New climate infrastructure endowment seeks to raise up to €40bn from pension funds

The Climate Endowment has big name backers

A new endowment structure has been formed to allow European pension and insurance funds to invest at scale in illiquid renewable energy and clean tech assets – targeting up to €40bn in assets.

The new initiative is called the Climate Endowment and counts family offices Wermuth Asset Management and AQAL as founders.

And is supported in various capacities by leading responsible investment figures Mats Andersson, former CEO of Sweden’s AP4, Stephen Blyth, former CEO of the Harvard Endowment and Philippe Desfossés, former CEO of French pension fund ERAFP.

Its partners include members of Europeans for Divest-Invest, the Institutional Investor Group on Climate Change (IIGCC) and impact investing group Toniic.

The Climate Endowment plans to build on the model of large US endowments, that have retuned 12% p.a. over the past decades – versus a 6% return for EU pension funds and insurance companies.

The investment style of large US endowments tend to be long-term horizons, largely in illiquid assets and alternative asset classes, usually taking equity risk.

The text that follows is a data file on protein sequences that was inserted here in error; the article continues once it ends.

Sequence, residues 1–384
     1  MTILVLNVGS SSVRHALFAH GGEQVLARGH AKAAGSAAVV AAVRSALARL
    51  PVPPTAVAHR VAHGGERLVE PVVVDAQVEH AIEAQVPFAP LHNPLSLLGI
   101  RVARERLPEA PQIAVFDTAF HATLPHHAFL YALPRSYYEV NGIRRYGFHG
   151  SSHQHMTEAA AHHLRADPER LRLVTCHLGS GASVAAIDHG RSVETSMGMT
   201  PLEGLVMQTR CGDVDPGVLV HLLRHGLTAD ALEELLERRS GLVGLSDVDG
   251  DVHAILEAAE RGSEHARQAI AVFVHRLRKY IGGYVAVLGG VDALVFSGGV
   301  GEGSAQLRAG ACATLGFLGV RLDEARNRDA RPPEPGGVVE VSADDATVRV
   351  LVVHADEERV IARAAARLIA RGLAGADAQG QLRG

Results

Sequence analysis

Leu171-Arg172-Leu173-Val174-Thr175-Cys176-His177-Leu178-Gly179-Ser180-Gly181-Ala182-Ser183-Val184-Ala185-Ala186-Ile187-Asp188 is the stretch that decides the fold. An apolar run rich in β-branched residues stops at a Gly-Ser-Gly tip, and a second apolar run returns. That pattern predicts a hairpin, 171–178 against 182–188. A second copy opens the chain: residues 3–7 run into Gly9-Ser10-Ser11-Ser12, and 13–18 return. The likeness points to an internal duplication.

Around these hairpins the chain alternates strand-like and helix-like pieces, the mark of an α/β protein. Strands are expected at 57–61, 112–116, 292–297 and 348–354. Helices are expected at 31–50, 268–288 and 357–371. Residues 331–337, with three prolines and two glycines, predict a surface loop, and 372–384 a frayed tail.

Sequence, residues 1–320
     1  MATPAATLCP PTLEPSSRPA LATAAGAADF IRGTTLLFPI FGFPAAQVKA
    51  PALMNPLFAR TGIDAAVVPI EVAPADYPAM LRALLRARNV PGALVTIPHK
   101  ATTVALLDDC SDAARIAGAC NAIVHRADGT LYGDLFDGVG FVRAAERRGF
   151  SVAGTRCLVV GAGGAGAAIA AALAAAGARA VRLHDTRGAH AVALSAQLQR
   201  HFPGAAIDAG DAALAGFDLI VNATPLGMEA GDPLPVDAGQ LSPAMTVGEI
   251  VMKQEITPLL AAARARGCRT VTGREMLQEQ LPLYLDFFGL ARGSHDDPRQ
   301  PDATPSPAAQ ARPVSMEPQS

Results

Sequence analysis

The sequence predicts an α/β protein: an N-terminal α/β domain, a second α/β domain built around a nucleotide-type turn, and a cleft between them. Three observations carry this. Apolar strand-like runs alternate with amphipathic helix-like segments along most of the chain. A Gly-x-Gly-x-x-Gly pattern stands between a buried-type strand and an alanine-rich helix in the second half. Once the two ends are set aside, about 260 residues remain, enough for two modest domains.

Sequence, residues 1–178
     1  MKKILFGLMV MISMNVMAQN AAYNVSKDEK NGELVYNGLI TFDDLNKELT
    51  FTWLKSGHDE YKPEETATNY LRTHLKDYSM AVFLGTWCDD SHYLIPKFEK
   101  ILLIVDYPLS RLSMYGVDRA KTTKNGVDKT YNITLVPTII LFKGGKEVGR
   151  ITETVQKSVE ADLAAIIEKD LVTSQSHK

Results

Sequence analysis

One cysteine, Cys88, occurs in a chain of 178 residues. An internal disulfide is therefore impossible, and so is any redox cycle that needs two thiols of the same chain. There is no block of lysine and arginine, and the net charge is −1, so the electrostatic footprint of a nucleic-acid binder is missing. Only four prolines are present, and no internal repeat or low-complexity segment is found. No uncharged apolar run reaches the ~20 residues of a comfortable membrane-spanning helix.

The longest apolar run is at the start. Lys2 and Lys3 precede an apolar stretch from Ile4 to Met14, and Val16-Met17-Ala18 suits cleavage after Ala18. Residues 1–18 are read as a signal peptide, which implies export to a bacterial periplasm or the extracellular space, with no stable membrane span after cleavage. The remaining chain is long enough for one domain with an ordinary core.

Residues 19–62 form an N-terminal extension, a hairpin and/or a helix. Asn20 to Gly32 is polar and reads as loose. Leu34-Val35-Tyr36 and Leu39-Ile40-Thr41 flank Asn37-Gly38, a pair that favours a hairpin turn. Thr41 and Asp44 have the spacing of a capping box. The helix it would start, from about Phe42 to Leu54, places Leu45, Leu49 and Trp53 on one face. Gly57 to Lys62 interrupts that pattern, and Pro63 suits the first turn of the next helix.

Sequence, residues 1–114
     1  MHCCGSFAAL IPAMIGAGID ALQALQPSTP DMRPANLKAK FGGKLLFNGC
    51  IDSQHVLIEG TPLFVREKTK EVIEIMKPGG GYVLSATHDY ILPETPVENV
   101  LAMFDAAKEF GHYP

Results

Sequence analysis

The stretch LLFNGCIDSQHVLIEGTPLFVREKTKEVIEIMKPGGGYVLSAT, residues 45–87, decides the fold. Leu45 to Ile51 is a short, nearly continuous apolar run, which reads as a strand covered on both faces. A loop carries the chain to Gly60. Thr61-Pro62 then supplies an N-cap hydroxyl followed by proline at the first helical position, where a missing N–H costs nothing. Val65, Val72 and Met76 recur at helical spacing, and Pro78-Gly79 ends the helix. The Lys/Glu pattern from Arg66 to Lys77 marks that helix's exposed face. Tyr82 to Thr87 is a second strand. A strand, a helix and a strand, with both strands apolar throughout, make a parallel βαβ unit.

But EU pension and insurance funds are subject to strict regulations such as “Solvency II’, a measure that restricts the amounts they can allocate to illiquid investments – such as renewable energy assets.

In March, the Association of British Insurers (ABI) warned that Solvency II rules were hindering sustainable investments and said that billions of pounds could be unlocked if the regulation were changed.The Climate Endowment will likely help institutional investors avoid restrictions caused by Solvency II by pooling their assets. The endowment plans to focus on illiquid investments resulting in strong reductions in global CO2 emissions and seeks to raise €20-40bn in assets from EU pension funds and insurance companies.

In LinkedIn post, Jochen Wermuth, founder of Wermuth AM, said the Climate Endowment would invest unconstrained across all asset classes with a large 50%+ allocation to long-dated, illiquid and alternative investments.

He adds: “One of the basic ideas is that illiquidity is compensated with higher returns, the so-called illiquidity premium. Yale, for instance, has achieved approximately 11.8% return per annum over the last twenty years, as opposed to a 5.4% return per annum by a traditional 60/40 stocks/bonds portfolio, as is often targeted by pension funds.”

It will be formerly launched in Autumn 2019 and be headquartered in Berlin.

Dr. Mariana Bozesan, co-founder and board member AQAL said: “We only have eleven years left to fulfil the Agenda 2030, and we are convinced that transformation is feasible. The Climate Endowment is the most significant stepping stone at this point in time.”